Elden Ring Review, The Best Soulsborne Yet?

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Elden Ring Review, The Best Soulsborne Yet?

Lahftel gives his final thoughts on FromSoftware's latest title in our Elden Ring Review.

I know I know, I'm late. But Elden Ring turned out to be quite the feast of a game. Took me around 90 hours to finish, so let me regale you with my very important opinion about it.

FromSoftware Magic

Now is Elden Ring good? Yes, you can go now if you don't want me to ramble on and on why that is the case. And even though numerous crashes and performance issues, that title had me hooked from start to finish. Now, I don't know when this started, but Bloodborne is the title when FromSoftware really came into their own. Yes, Demon's Souls and its Remake Dark Souls already did the cryptic story telling, take it or leave its gameplay and hostile yet beautiful world. This weird way of telling stories, by just leaving items in specific places or an NPC saying just enough to spark the imagination. Compared to Bloodborne, Demon's Souls and Dark Souls and its sequel had been pretty blunt. But from Bloodborne onwards, you got a puzzle. With all the pieces slowly coming to together as you explore.

Now Elden Ring, at least setting wise is what you'd expect from the guy that made medieval fantasy mainstream, and the guy that made being a fly in a once mighty world. Its typical fantasy, well that FromSoftware fantasy that's kind of gross and full of Berserk references. But within that is an interesting tale, with many characters having their own spin on things. That's why the game has so many endings, you as the player gets to decide who has the right of it.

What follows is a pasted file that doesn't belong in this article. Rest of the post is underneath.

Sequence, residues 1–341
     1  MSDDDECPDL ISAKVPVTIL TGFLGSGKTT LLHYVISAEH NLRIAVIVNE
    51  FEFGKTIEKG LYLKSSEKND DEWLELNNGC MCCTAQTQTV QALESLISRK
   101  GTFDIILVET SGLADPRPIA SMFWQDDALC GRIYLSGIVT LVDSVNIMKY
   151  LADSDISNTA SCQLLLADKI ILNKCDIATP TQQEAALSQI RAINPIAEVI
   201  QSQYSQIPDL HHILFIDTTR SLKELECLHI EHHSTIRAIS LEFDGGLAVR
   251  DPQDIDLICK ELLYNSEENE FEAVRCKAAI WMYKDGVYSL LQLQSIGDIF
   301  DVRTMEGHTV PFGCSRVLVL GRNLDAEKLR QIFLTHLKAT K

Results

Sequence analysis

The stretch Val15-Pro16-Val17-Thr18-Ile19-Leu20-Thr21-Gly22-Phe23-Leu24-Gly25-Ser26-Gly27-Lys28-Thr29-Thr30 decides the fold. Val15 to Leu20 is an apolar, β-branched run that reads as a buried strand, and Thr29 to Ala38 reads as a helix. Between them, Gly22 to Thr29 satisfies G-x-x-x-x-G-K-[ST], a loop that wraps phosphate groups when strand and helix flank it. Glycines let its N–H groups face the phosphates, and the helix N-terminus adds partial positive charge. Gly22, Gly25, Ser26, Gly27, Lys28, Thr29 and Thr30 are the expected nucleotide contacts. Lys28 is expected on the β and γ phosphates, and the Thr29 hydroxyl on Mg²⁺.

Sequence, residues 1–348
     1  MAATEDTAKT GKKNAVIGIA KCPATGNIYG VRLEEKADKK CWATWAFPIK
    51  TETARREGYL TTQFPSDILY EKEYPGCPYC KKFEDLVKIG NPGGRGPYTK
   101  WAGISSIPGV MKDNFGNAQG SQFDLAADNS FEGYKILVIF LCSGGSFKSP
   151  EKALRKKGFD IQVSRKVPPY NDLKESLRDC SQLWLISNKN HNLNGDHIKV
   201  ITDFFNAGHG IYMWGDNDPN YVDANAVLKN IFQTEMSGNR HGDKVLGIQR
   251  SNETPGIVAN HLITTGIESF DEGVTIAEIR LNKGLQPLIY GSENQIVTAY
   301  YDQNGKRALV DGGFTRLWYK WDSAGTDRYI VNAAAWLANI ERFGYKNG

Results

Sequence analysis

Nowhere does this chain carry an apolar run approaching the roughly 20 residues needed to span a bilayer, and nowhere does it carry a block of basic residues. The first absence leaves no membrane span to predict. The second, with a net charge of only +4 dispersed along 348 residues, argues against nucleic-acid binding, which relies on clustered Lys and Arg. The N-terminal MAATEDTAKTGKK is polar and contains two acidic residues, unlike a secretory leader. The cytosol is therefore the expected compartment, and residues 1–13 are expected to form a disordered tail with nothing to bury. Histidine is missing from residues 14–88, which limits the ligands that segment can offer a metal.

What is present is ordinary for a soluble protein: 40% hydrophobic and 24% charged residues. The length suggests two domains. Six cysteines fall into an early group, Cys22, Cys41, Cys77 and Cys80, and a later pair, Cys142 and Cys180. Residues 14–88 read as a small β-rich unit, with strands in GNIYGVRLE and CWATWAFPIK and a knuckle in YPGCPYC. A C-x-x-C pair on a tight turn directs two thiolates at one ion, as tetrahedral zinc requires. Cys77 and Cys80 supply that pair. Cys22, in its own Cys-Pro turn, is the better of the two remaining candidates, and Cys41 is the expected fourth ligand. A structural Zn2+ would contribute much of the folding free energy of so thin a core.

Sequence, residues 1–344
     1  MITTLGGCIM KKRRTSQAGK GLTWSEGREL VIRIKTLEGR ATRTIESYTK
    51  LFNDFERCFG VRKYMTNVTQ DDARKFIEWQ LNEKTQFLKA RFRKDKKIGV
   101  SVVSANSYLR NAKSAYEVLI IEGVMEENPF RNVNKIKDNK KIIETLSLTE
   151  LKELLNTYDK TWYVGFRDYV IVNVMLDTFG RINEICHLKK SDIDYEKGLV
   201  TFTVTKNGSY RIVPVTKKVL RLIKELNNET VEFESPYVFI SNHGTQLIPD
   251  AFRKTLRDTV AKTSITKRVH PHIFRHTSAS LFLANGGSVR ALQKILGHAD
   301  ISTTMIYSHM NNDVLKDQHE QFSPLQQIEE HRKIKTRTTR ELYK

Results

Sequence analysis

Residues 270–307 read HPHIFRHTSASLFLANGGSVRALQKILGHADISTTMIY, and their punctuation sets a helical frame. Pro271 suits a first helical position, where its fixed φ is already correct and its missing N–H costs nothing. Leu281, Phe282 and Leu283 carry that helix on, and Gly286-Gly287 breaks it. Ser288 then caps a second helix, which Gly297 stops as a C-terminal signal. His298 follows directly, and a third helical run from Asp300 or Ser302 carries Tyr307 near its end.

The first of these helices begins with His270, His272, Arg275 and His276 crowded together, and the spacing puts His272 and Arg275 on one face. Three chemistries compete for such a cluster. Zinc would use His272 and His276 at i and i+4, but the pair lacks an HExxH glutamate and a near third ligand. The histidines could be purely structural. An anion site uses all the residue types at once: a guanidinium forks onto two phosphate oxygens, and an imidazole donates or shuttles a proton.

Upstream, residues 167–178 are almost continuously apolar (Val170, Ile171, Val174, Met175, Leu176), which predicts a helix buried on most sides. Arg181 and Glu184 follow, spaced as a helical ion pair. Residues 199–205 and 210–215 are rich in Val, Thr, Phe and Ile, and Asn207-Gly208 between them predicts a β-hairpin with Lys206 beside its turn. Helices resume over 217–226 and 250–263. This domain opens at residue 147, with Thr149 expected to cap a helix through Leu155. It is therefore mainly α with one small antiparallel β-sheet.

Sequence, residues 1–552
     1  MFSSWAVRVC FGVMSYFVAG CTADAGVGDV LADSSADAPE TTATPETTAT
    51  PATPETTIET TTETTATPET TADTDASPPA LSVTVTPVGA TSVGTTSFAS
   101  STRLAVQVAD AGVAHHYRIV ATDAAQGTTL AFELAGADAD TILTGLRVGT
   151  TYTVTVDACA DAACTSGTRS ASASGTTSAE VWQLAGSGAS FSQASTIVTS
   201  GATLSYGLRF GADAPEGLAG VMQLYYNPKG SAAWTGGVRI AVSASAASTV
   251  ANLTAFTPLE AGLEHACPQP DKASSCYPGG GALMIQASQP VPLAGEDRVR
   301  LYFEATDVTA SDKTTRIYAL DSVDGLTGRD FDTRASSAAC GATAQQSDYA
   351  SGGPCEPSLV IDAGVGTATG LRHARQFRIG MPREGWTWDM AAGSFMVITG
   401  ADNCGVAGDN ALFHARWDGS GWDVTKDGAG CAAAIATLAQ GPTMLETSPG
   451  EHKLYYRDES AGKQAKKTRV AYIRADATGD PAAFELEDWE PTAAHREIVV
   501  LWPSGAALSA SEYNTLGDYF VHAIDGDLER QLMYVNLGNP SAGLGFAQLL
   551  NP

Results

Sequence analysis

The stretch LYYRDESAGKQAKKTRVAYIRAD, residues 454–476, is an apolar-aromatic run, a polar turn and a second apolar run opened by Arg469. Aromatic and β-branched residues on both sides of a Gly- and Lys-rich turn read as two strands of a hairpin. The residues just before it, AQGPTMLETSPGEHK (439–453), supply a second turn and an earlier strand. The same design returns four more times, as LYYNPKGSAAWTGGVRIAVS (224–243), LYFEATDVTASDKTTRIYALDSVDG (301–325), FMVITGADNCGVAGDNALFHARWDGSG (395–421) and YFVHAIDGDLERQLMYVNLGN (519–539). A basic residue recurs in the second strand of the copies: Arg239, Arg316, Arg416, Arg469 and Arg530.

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A Journey

Now, I was initially scared when Elden Ring proudly announced it would go open world. It was scary to think that the FromSoftware game would finally buckle and give into modern design trends. But there was nothing to worry about here. Elden Ring drops you into its world with just enough to get you started. It's a beautiful hostile place that begs to be deciphered and picked apart. And its map is designed in a way, that you are always looking up or down on something. Things are framed against a background and you always have your next destination in sight. And everything you see in the distance, is a place you can visit. That's amazing! I could not stop myself from picking some distant landmark, only to get distracted for hours on the way there.